A more helpful and less dramatic way to dole out the consequence would have been to help clean up the remaining beads in a separate container. Then, later, when mom and kids were all calmed down, that would be a good time to explain why we’re going to throw out the beads. What I’m about to suggest is EXTREMELY difficult. But grace-based parenting means:
consequence + instruction without anger.
Clearly, I don’t do this perfectly. No one does, except our Heavenly Father. And it is from the fullness of Jesus Christ that we have all received grace upon grace to cover our imperfect parenting.
#2 APOLOGIZE AND DISCUSS CALMLY
Ben and I try to regularly apologize to our kids and ask for their forgiveness. It doesn’t get much more humbling than that! But, I’m not perfect, and what better an opportunity to point my kiddos to the gospel than to say, “Mommy messes up too. Mommy needs Jesus’ love, forgiveness, and help too.”
For our 2 year old, this is very simple: “I’m sorry I used a mean tone at you, Emma. Will you forgive me?”
For our 4 year old, we are planting more gospel seeds. For example, this is what happened next in the aforementioned Bead Disaster of 2017.
Me (going into the 4 year old’s room when she’s calm): Are you calm enough to talk about what happened?
Me: Remember your AWANA verse, Romans 3:23, All have sinned?
4 YO: Yea.
Me: Well, that’s in the Bible, and when it says “all” that includes mommy. When I got angry about the beads, that was wrong. I’m sorry. Will you forgive me?”
4 yo: I forgive you mom.
Me: Even though it was wrong for me to lose my temper, throwing out the beads is the right thing to do. Can you be calm while I explain why or do you need more time to calm down by yourself?
4yo: I like my beads. I don’t want them to be in the trash.
Me: I understand. But the problem is, we really have too many beads. After getting rid of some, now we still have plenty of beads to make lots and lots of necklaces and bracelets. And now, if we spill them, they’ll be easier to clean up because we won’t have so many.
I wish I could show you a video of this moment. The restoring of the relationship is so sweet. She forgives so freely. Honestly, that’s about how it went! Once she was calm, she agreed that we had more than we needed, which brings me to my next point.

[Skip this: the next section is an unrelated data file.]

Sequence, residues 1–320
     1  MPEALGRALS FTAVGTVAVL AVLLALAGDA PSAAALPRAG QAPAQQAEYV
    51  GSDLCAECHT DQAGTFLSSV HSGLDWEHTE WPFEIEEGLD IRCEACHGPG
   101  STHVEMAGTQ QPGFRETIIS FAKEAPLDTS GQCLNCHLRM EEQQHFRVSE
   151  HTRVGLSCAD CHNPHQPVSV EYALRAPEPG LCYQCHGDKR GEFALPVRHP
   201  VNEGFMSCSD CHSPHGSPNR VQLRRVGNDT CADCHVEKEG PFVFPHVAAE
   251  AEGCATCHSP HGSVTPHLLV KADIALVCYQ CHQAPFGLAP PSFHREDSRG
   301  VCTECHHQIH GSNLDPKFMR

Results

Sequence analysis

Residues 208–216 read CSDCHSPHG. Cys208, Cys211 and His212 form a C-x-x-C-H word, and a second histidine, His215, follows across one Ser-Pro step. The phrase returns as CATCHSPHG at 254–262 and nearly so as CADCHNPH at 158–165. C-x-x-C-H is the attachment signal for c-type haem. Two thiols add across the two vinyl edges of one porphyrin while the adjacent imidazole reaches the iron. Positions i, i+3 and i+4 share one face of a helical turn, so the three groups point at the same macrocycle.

#3 LESS IS MORE & THE 3 TOYS RULE
Later on the same day, the girls had a second bout of moaning and groaning and complaining about cleaning up toys after quiet time in their rooms. Granted, the rooms were disastrous. Toys everywhere.
This time, I didn’t lose my temper. Instead, I calmly did the majority of the cleaning. Once everything was tidied, I started carrying it all downstairs to the toy shelf. My 4 year old asked, “What are you doing, Mom?”
I had to consciously think about responding instead of reacting.
I answered: “That cleanup time took too long and was not fun for anyone. From now on, we’ll have a 3 toy rule.”
4 yo: What’s a 3 toy rule?
Me: You’ll each get to pick out 3 toys from the toy shelf for nap time. When nap time is done, we’ll all clean up and bring the toys back downstairs. Then, you can pick 3 new toys the next day.
4 yo: Oh ok.
I kid you not, the next day, they were SO excited to each take turn’s picking toys off the shelf for naps. I didn’t hear a peep the entire play time.
Neither came out of their room. Neither called out to me with ridiculous requests or delay tactics. AND when nap time was done, it took about 2 minutes to clean each room.
My 4 year old exclaimed: “WOW! That was speedy clean up mom.” And then she proceeded to jump on her bed.
I couldn’t believe she ‘got it.’ I’d read a lot about how kids will be happier with less. We try not to have tons and tons of random crap that we don’t use around. But it was the most perfect real-life example of how the kids were truly happier with less toys.
2 weeks later, we’re still going strong with the 3 toys rule.
It’s a quiet time game changer.
“New” toys every day, fast clean up, & no complaining. A triple win!
This Little Stuff Matters
This day in and day out stuff is monotonous at times. All the reminders, time-outs, warnings, discipline. The constant second-guessing. Is this how I should be handling that situation?
Seek the Lord’s wisdom in the little things, friends. Read that parenting book I mentioned – it’s chock full of Biblical advice for training up our kids.
Don’t forget to apologize and ask your little ones for their forgiveness.
And, for the love, if you have half as many beads as we do, throw some of them out. You can thank me later.